Exploring and Discovering Your Strengths
Posted November 18, 2018
In my last blog post, I introduced a simple yet valuable framework for thinking about your career: the 4D’s. The first phase of the 4D framework, Discover Your Strengths, could be called “all about you.”
Before you start a new job, a new phase in life, or a new educational plan, it’s always a good idea to take an inventory of your experience, education, skills, strengths, interests, and values.
This is the place to be honest and accurate: don’t undersell or oversell yourself. What have you done well in the past and can take into your future? It’s important to approach this phase with a learner’s mindset: don’t assume you already know everything about yourself. You are on the hunt for the best in yourself (which also keeping in mind areas you don’t want to develop further). Don’t worry yet about where or how you might apply what you’re learning about yourself; that’s in the next step. For now, keep the focus simply on you.
Note: As you conduct your self-assessment, fears and resistance can pop up as your inner critic will likely pay a visit. If, when thinking about your past, you encounter a problem or negative experience, how did you get through it, or past it? A negative past does not mean a negative future. In fact, learning from the past and evaluating your resilience and grit can be a great way to ensure that the past stays the past. If you made choices in the past that didn’t work, then you can now learn from those choices and make better ones.
Here are some ways to approach the Discover process:
1. Take a look at your resume. Think back on your various experiences and write down the skills you developed or had to demonstrate to be successful. Focus on your moments of success or challenges. What did you do particularly well? What challenges did you overcome and how did you overcome them? Remember, you might be a little rusty on some skills, but if you were good in the past, you can be good in the future. As you think about each of your experiences, ask yourself (and jot down your answers):
- What did I do well?
- What skills did that require?
- What personality traits or characteristics did I have to use?
- What interested me about this?
- Is this something I’m still interested in and want to keep doing?
2. Conduct the same kind of review of other activities that might not be on your resume such as your hobbies, volunteer activities, leadership roles, etc. You can go back as far in your life as necessary. Keep a positive focus, always looking for strengths, interests, and personal traits or characteristics.
3. In addition to thinking about your strengths and what you’ve already accomplished, take some time to also think about what more you would like to do or learn. What skills or interests would you like to develop next? Maybe you enjoyed a project or activity that was only about 10% of your job, but you’d like it to be 80% of your job next time.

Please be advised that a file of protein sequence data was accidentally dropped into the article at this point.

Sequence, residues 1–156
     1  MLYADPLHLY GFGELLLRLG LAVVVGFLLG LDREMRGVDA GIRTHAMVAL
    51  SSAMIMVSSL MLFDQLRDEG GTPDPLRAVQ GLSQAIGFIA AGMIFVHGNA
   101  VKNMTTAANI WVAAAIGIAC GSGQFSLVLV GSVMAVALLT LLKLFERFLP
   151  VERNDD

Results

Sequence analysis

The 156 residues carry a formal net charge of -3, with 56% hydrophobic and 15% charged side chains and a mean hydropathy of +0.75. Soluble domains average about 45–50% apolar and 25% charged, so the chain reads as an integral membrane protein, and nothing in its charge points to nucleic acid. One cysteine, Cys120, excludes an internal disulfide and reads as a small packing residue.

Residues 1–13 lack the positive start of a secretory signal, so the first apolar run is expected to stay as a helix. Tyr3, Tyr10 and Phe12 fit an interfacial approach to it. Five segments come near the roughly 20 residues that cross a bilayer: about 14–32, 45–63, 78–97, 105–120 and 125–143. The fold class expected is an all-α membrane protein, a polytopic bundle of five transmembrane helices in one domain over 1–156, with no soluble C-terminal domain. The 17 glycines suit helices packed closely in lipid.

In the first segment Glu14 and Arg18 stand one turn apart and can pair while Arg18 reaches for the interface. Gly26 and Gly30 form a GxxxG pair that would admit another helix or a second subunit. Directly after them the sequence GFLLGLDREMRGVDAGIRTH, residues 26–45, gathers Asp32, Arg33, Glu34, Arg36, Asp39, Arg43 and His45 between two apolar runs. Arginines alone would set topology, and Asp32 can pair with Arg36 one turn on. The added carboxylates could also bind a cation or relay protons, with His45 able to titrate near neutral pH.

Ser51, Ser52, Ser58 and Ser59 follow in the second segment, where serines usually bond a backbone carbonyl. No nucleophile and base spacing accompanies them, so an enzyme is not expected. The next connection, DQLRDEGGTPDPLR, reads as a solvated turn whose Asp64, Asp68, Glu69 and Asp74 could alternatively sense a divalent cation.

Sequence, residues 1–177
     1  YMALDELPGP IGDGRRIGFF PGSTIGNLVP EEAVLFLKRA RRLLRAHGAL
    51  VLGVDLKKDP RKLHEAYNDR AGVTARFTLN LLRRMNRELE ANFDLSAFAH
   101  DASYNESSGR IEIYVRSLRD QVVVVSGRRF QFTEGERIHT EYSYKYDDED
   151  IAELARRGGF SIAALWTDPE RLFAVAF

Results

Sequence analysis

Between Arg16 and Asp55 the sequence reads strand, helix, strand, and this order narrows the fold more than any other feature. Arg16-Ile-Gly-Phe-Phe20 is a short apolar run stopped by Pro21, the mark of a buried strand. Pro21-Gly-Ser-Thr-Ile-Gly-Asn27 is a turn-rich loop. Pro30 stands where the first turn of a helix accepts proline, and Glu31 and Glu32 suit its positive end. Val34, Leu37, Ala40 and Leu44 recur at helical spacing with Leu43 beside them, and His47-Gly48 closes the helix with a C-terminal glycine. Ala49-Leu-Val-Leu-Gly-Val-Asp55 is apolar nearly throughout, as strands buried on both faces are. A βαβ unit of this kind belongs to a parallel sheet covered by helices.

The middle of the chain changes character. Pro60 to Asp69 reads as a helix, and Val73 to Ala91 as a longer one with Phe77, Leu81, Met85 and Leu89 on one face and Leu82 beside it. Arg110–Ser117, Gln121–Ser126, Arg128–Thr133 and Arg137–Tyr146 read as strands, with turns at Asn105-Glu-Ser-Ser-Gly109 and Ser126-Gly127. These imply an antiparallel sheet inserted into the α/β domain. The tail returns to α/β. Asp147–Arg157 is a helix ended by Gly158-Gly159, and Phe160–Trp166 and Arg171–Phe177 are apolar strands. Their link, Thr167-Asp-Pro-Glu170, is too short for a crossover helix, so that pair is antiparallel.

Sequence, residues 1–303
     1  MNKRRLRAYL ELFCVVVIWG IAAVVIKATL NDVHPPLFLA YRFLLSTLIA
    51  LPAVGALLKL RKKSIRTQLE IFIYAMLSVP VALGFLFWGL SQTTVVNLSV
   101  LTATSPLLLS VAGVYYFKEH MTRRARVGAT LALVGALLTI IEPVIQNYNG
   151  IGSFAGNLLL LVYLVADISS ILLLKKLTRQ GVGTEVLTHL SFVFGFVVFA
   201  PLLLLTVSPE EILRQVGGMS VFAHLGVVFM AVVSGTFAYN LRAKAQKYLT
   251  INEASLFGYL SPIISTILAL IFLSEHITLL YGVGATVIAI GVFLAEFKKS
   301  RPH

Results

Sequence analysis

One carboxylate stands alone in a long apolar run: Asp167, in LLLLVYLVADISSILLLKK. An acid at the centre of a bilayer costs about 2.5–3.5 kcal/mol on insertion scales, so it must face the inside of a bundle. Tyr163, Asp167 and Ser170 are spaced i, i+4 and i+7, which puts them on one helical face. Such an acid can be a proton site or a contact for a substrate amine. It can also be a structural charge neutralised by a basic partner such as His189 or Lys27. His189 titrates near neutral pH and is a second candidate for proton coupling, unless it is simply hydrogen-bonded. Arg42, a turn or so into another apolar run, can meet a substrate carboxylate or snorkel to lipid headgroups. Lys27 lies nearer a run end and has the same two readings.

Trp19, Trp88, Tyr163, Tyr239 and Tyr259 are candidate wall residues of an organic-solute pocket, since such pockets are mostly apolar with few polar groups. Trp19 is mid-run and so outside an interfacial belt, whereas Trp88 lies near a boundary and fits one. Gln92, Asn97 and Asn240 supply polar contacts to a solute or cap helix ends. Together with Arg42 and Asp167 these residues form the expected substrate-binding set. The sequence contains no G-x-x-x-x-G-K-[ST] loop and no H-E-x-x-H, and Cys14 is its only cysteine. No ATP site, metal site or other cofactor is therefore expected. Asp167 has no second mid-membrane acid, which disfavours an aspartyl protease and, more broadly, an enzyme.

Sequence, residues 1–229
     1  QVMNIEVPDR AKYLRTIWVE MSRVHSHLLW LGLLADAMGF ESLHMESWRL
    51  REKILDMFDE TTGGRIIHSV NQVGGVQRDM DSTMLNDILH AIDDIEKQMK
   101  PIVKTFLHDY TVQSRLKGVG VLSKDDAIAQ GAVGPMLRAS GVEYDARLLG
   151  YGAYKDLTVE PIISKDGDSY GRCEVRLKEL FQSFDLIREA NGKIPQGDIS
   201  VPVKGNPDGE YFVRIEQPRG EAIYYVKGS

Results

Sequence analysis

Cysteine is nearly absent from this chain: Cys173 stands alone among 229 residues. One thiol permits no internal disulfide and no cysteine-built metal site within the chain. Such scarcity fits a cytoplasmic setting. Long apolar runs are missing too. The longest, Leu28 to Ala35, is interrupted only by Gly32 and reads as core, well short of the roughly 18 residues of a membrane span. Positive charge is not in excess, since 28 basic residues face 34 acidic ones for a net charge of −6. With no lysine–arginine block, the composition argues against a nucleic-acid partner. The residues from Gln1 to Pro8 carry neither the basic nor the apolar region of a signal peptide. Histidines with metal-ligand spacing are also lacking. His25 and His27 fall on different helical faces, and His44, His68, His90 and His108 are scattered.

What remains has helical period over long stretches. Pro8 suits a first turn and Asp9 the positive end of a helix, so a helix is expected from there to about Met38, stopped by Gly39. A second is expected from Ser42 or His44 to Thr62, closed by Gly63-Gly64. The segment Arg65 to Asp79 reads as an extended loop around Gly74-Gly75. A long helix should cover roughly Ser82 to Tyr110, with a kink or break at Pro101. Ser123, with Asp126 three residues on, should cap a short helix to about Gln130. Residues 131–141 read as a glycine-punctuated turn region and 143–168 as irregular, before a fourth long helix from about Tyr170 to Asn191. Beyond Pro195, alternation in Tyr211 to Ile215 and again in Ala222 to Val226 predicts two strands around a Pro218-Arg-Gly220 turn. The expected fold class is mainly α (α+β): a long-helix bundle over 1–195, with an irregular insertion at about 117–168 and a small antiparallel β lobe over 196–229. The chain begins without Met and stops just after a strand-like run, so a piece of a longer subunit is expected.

4. Get a notebook or create a file on your computer/phone where you can compile lists of:
- Your best skills
- Your best personality traits
- Your interests
- Your values—what is important to you
- Your current education and your educational goals
- Your current experiences and your experience goals (desired experiences)
5. Do you need some help identifying your skills, interests, and values? You can meet with a career coach or counselor who can help you talk them through. Or pair up with a good friend and “coach” each other. Sometimes you just need an outside perspective.
6. You can also take some free online tests that will provide helpful information. Just remember that a test can’t tell you what to do. Take the information and evaluate its accuracy for you. Consider any test an “idea starter,” not an absolute truth. Here are some online tests which can yield valuable information. Some of them are free; don’t invest unless you are sure they will help you or the monetary charge is reasonable in your opinion. (I am not endorsing these sites; just providing links for your convenience.) Sometimes you can “test yourself” by just reading the descriptions and determining where you think you fit.
As you take these tests and explore your interests and skills, again, remember you might find your inner critic showing up. One good way to deal with this is to ask the critic inside what it’s afraid of. Maybe you have some anxiety around a new job, or your ability to perform well. You can choose to either thank the critic for letting you know about its concerns, and let it know you’re going to try anyway, or you can simply set a goal to learn more and improve your skills. Just remember that change is hard, and the more important the change is in your life, the more likely you will find excuses not to move forward. Knowing this is normal may help you fight through those anxieties and barriers.
Some questions to ask yourself while reviewing the lists you created are:
- What are my top five strengths? Which ones do I want to keep using? How might they help me in the future?
- When have I been at my all-time best? What was I doing? What did I like about it?
- What are my best-hidden talents or traits—ones that others might not know about? Do I want to keep them hidden?
- When have I been most proud of myself? Why? What does that say about me?
- How could I build on this information?
- Would an employer appreciate these skills? How would these skills make me a better employee?
- What is the story I could tell a potential employer about these skills or traits?
Give yourself the gift of time to explore your interests, strengths, skills, and values. The payoff will be worth the investment.
In the next post, we’ll move into the next phase of the 4D framework: “Develop Your Vision” where we will look at how to uncover the setting that might be best for your talents.
© 2018 Katharine S. Brooks, all rights reserved.
Picture credit: Photo by Aaron Burden on Unsplash